BY SHARON MARTIN
“If we had universal health care, people could choose their jobs based on what they wanted to be rather than on what provided the best insurance.”
“The job market will always be based on supply and demand,” he said. He should know. He has been working in the IT industry for 20 years now.
“It would promote entrepreneurship. And what if a parent could choose a minimum wage job because he or she didn’t need to stay off work to get state insurance for the kids?”
We agree on the need for universal health care and on the economics and morality of good preventive care.
“What if one parent could stay home when the kids are young? Wouldn’t saving the cost of health insurance and day care balance one salary?”
“Our economy is based on two incomes now.”
Our conversation turned to the food system.
“One in five kids in Oklahoma goes to bed hungry, but there are people who advocate cutting food stamps and WIC.” I’m sure I sounded outraged.
“What do you do about people who take their SNAP cards and buy $200 worth of meat to sell to feed their addictions?” He likes to play devil’s advocate. “And what about people who just keep having more kids they can’t afford to feed?”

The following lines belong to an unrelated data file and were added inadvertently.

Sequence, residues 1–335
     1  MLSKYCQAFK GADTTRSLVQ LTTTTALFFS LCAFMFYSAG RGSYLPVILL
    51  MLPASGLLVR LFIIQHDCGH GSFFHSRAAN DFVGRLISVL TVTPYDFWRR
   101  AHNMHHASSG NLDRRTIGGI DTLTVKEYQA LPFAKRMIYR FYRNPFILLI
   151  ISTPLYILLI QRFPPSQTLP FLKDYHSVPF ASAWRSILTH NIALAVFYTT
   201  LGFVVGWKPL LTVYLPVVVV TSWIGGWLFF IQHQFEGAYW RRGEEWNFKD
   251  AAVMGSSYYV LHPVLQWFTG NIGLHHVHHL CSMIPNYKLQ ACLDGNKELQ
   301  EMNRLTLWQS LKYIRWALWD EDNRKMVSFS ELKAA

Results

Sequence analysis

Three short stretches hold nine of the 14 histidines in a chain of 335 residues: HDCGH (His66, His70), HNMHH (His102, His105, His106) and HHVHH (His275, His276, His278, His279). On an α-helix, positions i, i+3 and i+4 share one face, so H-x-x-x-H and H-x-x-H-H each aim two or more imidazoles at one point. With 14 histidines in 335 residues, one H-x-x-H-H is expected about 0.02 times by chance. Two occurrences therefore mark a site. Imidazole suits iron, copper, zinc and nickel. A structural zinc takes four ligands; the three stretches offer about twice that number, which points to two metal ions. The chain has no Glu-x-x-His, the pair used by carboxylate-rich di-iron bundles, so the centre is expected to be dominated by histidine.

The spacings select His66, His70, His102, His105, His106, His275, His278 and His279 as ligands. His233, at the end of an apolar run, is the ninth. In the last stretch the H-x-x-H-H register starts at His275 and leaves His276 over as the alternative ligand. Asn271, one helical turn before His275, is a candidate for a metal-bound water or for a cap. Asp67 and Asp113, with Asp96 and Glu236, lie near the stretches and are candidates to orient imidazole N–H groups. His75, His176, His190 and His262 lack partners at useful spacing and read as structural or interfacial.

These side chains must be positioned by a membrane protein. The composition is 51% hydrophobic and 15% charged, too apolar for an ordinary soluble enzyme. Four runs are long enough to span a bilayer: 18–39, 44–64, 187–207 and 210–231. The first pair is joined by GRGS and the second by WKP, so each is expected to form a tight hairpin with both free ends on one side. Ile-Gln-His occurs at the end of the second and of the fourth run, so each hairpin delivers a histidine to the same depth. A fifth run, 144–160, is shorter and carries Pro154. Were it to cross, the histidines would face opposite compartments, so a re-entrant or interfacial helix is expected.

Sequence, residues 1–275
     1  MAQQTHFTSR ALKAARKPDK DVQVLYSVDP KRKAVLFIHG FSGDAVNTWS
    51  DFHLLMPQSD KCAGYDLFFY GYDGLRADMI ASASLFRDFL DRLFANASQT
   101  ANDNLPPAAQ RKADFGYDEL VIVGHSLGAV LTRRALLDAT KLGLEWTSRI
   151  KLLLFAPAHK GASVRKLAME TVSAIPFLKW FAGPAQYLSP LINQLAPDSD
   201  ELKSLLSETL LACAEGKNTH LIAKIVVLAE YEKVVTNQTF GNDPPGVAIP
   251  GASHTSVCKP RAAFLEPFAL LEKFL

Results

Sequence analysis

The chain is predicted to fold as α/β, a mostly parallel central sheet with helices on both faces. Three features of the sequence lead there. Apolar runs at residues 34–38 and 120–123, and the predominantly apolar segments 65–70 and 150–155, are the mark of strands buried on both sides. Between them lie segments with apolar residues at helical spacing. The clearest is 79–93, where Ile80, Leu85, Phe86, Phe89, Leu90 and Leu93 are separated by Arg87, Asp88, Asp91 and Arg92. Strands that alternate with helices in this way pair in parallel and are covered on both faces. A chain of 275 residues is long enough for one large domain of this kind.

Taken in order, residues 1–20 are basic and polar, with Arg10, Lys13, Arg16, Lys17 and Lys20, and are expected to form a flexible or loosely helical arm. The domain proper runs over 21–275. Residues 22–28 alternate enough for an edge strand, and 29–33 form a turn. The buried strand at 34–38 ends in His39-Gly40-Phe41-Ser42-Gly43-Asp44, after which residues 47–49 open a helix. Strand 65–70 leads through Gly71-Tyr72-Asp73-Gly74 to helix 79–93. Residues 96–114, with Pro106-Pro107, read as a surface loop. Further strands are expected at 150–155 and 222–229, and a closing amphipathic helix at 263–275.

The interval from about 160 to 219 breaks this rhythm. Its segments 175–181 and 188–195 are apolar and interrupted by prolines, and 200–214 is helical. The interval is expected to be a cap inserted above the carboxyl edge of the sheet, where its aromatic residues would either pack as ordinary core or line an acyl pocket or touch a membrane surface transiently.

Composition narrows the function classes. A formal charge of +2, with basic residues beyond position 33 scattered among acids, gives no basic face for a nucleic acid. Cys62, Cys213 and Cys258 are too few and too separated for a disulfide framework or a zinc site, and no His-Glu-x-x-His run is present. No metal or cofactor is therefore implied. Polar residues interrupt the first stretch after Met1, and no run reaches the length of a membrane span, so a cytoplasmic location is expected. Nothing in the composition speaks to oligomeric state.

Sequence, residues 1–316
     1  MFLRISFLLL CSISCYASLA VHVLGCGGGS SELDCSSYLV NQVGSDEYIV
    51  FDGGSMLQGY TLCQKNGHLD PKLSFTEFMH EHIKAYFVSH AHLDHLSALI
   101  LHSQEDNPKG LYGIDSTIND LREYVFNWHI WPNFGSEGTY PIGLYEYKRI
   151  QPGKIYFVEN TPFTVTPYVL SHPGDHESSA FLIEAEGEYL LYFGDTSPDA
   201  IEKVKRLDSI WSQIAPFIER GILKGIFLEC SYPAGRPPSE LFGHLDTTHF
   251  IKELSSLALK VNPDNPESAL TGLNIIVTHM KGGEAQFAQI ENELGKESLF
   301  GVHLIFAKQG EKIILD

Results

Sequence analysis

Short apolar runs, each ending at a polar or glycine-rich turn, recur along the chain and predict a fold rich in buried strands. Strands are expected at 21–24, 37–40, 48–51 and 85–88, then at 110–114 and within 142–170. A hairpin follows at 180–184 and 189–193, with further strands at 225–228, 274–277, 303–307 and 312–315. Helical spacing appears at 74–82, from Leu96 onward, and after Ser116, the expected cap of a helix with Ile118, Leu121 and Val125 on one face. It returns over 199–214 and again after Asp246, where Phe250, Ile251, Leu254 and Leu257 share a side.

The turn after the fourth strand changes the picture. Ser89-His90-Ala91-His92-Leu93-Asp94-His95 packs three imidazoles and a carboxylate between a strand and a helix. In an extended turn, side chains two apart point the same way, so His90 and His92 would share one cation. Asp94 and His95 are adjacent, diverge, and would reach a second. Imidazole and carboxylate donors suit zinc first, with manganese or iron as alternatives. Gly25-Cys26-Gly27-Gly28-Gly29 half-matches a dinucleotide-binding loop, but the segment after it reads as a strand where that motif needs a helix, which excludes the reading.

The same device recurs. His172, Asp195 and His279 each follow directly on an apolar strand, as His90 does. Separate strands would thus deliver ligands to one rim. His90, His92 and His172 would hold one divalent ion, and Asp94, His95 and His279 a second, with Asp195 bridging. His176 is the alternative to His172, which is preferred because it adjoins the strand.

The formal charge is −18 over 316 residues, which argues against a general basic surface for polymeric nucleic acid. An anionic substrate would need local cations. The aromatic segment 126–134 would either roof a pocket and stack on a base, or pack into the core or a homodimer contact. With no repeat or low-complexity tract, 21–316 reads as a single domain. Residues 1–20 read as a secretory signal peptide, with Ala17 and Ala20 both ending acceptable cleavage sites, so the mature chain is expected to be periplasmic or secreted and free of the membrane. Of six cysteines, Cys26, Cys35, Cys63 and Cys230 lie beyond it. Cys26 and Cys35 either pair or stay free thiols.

I didn’t have an answer for the latter, but I did have suggestions for the former.
“We need a new War on Poverty. We need to end the War on Drugs. And we could go back to the old commodity system. You can barter peanut butter and powdered milk, but not profitably.”
Sure, the commodity system requires infrastructure and manpower. There are shipping costs, both in money and carbon footprint. We’d need to use local food systems. And those who get commodities could provide at least some of the manpower, like with the food coop.
“We could turn schools into community centers where parents could come in the evening and learn job skills and nutrition while their kids take music lessons and karate.”
Education should be a lifelong endeavor, a family affair.
“What if we built a community garden? And a canning and food preservation center where people learn how to feed themselves!”
I could imagine the small plots, folks working together.
“This is starting to sound like a John Lennon song,” my friend said.
I grinned. “You may say I’m a dreamer, but I’m not the only one.”
When dreamers take action, things get done.
And sometimes it starts with conversation at the kitchen table.
– Sharon Martin lives in Oilton, OK and is a regular contributor to The Oklahoma Observer